[Distutils] More (Windows) comments on distutils-0.1.2

Robin Becker robin@jessikat.demon.co.uk
Tue, 18 Jan 2000 00:08:37 +0000

In article <20000117153950.C9793@cnri.reston.va.us>, Greg Ward
<gward@cnri.reston.va.us> writes
>On 13 January 2000, Thomas Heller said:
>> 1. Python extensions for Windows MUST be linked with
>> the /MD switch to use the multithreaded runtime
>> library. Optimizations are also enabled by the following
>> line:
>> > class MSVCCompiler (CCompiler) :
>> >     def __init__ (self,
>> >         [...]
>> >         self.compile_options = [ '/nologo', '/Ox', '/MD', '/GD' ]
>I haven't seen any disagreement with this, so I'll take your word for
>it.  I'd feel more comfortable if another Python/Windows extension
>developer would speak up and say, "Yep, that's the Right Thing to do".
>(Mark?  Guido?)

/GD is for a DLL specific optimisation 

>So what are the flags here?  I assume /Ox is for optimization; you said
>/MD selects the multithreaded RT library.  What is /GD for?
>> 2. In build_ext.py I find the following code:
>[...code to deal with .def files elided...]
>> Doesn't this belong into msvccompiler.py?
>If anywhere at all.  I really, really dislike this whole .def file
>thing, and I don't like them cluttering up the build options dictionary
>or the build_ext command class.  But I don't know how else to do it,
>because I know about as much about Python on Windows as I do about
>skateboarding on Pluto.
>> We do not need any stinkin' DEF-files, if we use the link options
>> /EXPORT and /BASE. The following code builds the required arguments:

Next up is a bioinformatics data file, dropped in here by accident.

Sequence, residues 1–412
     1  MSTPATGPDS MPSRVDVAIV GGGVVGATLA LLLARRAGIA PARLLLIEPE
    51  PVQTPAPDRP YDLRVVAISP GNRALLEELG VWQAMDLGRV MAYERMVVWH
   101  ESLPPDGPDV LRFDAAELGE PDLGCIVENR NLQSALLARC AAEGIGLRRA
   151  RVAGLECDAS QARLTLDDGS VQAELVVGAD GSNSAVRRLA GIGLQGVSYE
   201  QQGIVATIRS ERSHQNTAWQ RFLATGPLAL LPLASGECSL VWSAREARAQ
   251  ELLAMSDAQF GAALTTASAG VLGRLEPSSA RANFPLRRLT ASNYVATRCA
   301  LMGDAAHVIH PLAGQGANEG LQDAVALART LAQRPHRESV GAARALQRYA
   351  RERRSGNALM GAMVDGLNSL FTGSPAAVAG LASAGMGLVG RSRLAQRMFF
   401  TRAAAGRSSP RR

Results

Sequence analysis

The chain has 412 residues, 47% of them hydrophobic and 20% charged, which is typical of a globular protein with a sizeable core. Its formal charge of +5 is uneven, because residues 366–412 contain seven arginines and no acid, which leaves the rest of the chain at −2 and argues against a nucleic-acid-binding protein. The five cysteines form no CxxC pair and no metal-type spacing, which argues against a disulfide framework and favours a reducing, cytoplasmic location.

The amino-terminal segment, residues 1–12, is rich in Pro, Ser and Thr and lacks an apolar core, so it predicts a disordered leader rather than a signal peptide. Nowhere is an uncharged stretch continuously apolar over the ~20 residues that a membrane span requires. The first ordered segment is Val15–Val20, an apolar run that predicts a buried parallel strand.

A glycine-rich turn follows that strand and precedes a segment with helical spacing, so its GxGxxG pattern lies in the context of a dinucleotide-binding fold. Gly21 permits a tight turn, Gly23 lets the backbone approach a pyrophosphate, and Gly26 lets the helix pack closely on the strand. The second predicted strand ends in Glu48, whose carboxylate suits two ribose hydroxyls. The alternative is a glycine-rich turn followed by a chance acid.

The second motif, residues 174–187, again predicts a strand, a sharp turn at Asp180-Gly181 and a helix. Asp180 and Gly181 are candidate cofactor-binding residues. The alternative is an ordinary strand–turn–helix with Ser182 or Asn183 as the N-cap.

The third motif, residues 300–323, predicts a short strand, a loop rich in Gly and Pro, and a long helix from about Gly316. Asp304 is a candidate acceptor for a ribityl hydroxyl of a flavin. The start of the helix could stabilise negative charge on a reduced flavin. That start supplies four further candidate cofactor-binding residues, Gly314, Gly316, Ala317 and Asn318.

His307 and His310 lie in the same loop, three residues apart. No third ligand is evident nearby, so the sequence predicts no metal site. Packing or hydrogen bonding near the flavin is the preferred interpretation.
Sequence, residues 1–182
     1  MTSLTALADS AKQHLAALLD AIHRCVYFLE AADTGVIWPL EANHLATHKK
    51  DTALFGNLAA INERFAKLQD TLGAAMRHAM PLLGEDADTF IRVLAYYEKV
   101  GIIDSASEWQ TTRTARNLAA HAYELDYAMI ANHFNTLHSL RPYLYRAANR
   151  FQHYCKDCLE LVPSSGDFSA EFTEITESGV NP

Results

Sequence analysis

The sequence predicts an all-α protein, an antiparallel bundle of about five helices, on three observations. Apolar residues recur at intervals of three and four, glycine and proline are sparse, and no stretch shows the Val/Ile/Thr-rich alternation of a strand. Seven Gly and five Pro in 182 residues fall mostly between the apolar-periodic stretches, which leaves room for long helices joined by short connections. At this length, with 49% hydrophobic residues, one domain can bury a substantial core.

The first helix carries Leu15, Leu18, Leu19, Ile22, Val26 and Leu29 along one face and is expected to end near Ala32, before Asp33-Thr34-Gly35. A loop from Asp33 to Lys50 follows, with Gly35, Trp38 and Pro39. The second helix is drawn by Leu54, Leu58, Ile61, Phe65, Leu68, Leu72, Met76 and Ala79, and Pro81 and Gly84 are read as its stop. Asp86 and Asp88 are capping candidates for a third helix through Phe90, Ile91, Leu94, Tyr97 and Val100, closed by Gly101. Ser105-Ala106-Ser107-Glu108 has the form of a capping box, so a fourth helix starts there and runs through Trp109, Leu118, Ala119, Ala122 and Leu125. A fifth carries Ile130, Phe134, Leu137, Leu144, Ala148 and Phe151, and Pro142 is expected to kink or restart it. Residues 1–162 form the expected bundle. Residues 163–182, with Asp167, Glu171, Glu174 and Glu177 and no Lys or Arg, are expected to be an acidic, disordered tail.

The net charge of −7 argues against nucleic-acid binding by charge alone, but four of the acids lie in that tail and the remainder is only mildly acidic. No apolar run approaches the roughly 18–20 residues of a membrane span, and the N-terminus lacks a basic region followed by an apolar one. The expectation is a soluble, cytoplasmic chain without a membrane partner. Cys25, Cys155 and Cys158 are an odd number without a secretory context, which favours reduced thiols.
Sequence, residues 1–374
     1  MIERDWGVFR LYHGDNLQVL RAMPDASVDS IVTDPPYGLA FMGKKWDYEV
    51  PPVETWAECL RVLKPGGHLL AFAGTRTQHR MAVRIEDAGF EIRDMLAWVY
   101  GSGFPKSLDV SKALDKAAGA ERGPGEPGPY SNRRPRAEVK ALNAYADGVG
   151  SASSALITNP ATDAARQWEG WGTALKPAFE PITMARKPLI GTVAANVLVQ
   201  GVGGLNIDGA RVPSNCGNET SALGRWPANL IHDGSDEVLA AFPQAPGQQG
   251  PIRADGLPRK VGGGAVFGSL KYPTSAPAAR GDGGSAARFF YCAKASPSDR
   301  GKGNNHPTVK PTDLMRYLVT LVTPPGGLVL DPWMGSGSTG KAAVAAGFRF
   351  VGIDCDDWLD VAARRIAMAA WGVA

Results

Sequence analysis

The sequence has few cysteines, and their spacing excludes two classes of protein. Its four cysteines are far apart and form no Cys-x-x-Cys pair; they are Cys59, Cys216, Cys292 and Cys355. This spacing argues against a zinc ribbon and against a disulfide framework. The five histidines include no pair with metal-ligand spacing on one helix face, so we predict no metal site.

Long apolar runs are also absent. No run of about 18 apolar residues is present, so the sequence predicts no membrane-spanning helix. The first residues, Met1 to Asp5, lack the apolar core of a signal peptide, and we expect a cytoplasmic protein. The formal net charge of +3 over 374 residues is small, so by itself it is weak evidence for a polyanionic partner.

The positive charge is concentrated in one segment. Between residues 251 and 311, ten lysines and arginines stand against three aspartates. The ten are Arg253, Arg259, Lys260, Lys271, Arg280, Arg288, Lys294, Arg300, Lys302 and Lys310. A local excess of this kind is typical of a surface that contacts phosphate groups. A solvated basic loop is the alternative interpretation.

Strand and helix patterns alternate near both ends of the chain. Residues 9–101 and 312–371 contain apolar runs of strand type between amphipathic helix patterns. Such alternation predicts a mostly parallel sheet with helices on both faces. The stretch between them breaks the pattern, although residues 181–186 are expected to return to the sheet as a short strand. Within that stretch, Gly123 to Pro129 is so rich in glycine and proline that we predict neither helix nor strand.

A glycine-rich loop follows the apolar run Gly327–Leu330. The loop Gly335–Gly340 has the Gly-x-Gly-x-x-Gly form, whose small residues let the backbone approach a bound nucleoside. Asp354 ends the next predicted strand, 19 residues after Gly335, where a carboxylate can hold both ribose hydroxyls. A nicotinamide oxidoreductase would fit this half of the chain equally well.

>Hallelujah!  I've been waiting for someone to say this.  Ever since I
>found out what .def files are, I've been wondering why the heck they are

.def files are for exporting things which aren't declared exported in
the code. They're not needed if you use the MSVC specific declarators.

>> >        if def_file is not None:
>> >            extra_args.append ('/DEF:' + def_file)
>> >        else:
>> >            # if no def file is found, export the init<name> function
>> >            # and calculate a random base address
>> >            extra_args.append ('/EXPORT:init' + extension_name)
>> >            import whrandom
>> >            base = whrandom.randint (0x1000, 0x8000) * 0x10000
>> >            extra_args.append ('/BASE:0x%x' % base)
>But this looks weird: a random base address?  What the heck is going on
>here?  Again, could another Python-on-Windows expert speak up?  Nothing
>personal, Thomas, but I don't want to take the word of just one person
>on this code, and I'd like to know what the heck the random base address
>is all about.

Please don't bother to use random addresses. If you're lucky your build
may make a very small difference. Ideally under windows all the dlls
needed for a given application should have non intersecting default
address ranges. See the file PC/dll_base.txt in the source distribution.
However, this is only a minor optimisation and it seems that Guido has
abandoned it in favour of simplicity. In a distribution where all the
dlls are fixed it might be worth rebasing all of the dlls. The random
hack may work, but is not guaranteed to avoid base clashes.

>Thanks for the code -- now let's hear from some other voices as to
>whether this is the Right Thing to add to Distutils to compile
>extensions with MSVC.  Anyone?
>        Greg

Robin Becker